Lots of smearing might indicate impaction. With the old hard stuff sitting in the bowel and any runny stuff seeping through. This creates a vicious cycle where it's sore to poo so the child holds in more. I'd ask for referral to paeds/continence services as you maybe need a stronger laxative (lactulose not actually a lax just a stool softener).

Also be really thoughtful about how you react to accidents. It's gross yes. But if you show your displeasure or yuck reaction it leads to more holding in. Never praise 'clean pants' or no accidents as again this encourages retention. Instead praise any poos which end up in the potty.

In my experience this can all start from nothing or a tummy upset and then gets into a vicious cycle.

munchkinmaster Sun 03-Nov-13 20:34:23

Swap some milk for water. Even if no dairy problems/intolerance lots of milk doesn't help in the same way water does

linspins Sun 03-Nov-13 20:47:54

Thanks all, very good advice! He does eat a lot of dairy, and bananas too!! I will switch us to orange juice and water. We do eat wholemeal bread though.
The leakage isn't particularly runny, (usually sticky or soft) so I wonder about impaction, but it could be that he is holding it in.
He was a windy baby, with silent reflux and we gave him meds for that for some months (and let him sleep on his front). But he has always been a regular, normal and frequent poo-er. It just changed overnight, with suddenly 12 poo accidents in 3 days and then continued..and nothing else has changed in his life. Most confusing. I reward him with a sweetie and lots of praise if he poos in his potty/toilet, and although I don't show disgust when he soils, I do admit I show some frustration. Will try harder to keep calm and breezy.
I will press for a referral i think.

linspins Sun 03-Nov-13 20:59:44

Just been reading the ERIC site, thanks, that's a useful resource.

deepfriedsage Sun 03-Nov-13 21:02:32

Are you or Dad bendy? If your dc is too then I may be able to help with the riddle.

linspins Sun 03-Nov-13 21:04:12

Bendy? As in flexible? I'm most def not, sadly, and I wouldn't say that DH is either. Intrigued though!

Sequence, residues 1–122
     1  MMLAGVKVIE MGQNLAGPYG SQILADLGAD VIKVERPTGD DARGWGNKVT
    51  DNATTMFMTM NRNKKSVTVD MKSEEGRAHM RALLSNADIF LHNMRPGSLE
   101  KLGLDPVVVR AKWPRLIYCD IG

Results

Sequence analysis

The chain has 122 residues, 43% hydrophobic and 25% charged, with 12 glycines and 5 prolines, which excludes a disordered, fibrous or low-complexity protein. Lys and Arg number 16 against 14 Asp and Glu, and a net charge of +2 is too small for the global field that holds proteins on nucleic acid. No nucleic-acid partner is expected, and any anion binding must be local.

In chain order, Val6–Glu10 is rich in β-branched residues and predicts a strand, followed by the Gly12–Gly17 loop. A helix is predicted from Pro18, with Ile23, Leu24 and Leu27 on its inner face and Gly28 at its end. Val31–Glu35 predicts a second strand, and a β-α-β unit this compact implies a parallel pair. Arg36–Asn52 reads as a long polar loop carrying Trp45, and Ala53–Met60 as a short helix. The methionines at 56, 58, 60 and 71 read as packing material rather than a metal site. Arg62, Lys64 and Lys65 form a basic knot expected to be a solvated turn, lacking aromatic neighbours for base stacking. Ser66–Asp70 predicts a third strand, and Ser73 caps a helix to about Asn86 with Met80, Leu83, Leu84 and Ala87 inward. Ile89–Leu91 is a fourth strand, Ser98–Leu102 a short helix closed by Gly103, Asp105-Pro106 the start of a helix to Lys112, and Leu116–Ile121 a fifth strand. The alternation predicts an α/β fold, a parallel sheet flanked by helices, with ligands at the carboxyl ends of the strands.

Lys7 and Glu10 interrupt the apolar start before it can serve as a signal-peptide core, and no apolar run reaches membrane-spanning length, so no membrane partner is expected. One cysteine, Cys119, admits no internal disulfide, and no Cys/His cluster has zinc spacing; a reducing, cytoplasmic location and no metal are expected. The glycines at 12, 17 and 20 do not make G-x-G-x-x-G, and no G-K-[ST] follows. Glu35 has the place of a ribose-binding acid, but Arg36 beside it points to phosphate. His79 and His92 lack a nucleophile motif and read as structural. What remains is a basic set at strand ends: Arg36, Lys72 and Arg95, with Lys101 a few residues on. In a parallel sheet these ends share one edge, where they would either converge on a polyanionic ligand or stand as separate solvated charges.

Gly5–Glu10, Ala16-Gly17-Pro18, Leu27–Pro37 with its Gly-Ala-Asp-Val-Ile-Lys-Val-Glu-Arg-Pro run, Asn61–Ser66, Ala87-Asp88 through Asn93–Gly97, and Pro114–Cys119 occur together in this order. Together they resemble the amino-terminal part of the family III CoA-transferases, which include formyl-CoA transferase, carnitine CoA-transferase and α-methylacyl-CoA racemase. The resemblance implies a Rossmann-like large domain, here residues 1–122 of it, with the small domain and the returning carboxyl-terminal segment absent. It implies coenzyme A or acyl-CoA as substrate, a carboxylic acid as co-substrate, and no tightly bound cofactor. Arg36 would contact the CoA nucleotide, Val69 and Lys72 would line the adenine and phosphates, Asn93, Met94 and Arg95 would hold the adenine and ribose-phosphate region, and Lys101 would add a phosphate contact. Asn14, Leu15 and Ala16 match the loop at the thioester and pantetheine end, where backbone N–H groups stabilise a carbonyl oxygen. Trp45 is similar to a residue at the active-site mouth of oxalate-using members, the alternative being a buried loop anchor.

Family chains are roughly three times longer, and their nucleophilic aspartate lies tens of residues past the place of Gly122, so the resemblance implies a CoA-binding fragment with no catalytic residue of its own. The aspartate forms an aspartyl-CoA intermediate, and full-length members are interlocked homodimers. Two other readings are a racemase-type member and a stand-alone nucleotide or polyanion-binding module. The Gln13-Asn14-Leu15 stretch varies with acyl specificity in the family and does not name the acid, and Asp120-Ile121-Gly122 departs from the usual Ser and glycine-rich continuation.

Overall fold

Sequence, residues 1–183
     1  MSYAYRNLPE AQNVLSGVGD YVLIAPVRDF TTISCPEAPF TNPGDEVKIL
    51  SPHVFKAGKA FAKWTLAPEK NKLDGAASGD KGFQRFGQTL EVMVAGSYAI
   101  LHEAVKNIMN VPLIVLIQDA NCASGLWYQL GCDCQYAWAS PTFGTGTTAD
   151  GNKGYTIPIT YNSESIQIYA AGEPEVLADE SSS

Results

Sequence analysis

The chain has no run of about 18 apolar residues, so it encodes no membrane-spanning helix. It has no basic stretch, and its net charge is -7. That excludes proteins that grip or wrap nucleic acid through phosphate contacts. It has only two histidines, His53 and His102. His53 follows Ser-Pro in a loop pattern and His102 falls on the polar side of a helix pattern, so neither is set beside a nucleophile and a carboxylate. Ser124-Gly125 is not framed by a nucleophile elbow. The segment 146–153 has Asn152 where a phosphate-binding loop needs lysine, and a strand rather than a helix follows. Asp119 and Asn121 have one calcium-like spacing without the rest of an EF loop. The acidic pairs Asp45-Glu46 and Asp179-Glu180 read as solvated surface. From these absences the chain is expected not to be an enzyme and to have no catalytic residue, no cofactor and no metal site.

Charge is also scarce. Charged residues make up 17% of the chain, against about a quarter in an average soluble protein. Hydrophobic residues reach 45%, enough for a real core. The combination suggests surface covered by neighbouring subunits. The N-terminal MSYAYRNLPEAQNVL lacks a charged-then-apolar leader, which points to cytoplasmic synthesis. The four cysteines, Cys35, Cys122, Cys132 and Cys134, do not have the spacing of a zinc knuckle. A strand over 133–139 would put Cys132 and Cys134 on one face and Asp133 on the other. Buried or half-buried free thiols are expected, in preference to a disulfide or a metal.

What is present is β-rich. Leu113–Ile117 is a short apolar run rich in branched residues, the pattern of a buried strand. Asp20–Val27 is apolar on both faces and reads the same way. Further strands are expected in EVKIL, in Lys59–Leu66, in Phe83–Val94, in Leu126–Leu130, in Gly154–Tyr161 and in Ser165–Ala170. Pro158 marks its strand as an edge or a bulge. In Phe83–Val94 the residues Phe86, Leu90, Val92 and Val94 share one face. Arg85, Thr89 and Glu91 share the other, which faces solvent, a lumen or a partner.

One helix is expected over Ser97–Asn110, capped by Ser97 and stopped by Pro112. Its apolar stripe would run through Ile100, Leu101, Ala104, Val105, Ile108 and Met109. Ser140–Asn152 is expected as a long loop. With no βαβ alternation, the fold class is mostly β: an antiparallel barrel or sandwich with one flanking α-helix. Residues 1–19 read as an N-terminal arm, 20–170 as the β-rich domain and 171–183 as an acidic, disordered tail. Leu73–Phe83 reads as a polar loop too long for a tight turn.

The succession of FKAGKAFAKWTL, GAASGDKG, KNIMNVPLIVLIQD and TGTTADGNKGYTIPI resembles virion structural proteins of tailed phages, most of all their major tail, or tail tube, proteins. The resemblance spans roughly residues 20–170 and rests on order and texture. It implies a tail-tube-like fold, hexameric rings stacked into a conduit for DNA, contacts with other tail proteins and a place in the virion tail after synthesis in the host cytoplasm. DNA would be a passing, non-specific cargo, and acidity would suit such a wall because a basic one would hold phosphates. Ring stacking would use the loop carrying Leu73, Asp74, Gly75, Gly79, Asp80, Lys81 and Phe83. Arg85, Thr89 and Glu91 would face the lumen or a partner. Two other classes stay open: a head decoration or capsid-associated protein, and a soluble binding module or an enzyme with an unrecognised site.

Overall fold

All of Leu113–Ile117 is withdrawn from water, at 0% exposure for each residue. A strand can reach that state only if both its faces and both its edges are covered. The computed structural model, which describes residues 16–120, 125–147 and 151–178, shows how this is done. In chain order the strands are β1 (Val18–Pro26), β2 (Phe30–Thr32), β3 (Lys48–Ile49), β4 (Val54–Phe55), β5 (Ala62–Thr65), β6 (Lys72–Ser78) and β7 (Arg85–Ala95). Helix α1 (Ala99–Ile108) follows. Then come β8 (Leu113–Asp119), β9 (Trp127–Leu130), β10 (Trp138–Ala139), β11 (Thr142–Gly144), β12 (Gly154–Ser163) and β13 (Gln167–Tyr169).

deepfriedsage Sun 03-Nov-13 21:14:33

There are links between autonomic, GI system disorders and hypermobility.

LoveSewingBee Sun 03-Nov-13 21:16:16

Does he drink enough? Could he drink maybe a little less milk and more water? Some foods can cause constipation, most notably bananas, rice, carrots. Foods which can help relieve constipation are prunes and especially drinking a lot of water.

There was a BBC program recently called 'Trust me I am a doctor' in which they reported that having every day oat porridge for breakfast shows after a six week period a significant increase of good bacteria in the gut, even more successfully then can be achieved with probiotic powders etc. So maybe worth considering if he likes oat porridge.

linspins Sun 03-Nov-13 21:17:24

Don't think that is the case here, but useful info to know, as I have a good friend whose Dd is hypermobile.

linspins Sun 03-Nov-13 21:20:16

Lovesewingbee - carrots? really? goodness me I wouldn't have guessed that one! Right, so cut down on milk, bananas AND carrots. Porridge for brekkie..if he'll eat it - what he likes to eat changes from day to day.

LoveSewingBee Sun 03-Nov-13 21:22:32

Yes, carrots, that is why you have to be careful when you give carrot puree when you are weaning. You also have to be careful with mushrooms as they can cause blockages in small children.

LoveSewingBee Sun 03-Nov-13 21:24:41

I also would be cautious with the orange juice. It is brilliant as a laxative but oh so bad for the teeth (natural sugars plus acid). Ideally after the orange juice he should drink some water or rinse his mouth with water. Under no circumstance brush teeth within 15 minutes of having eaten or drunk as you brush softened enamel away.

linspins Sun 03-Nov-13 21:25:50

Thanks Lovesewingbee, I learn something new everyday. I will phone the Gp's tomorrow and ask for us to see a specialist or a paediatrician.
According to the ERIC site, if soiling and constipation problems are caught early enough then they can be helped much quicker. Fingers crossed.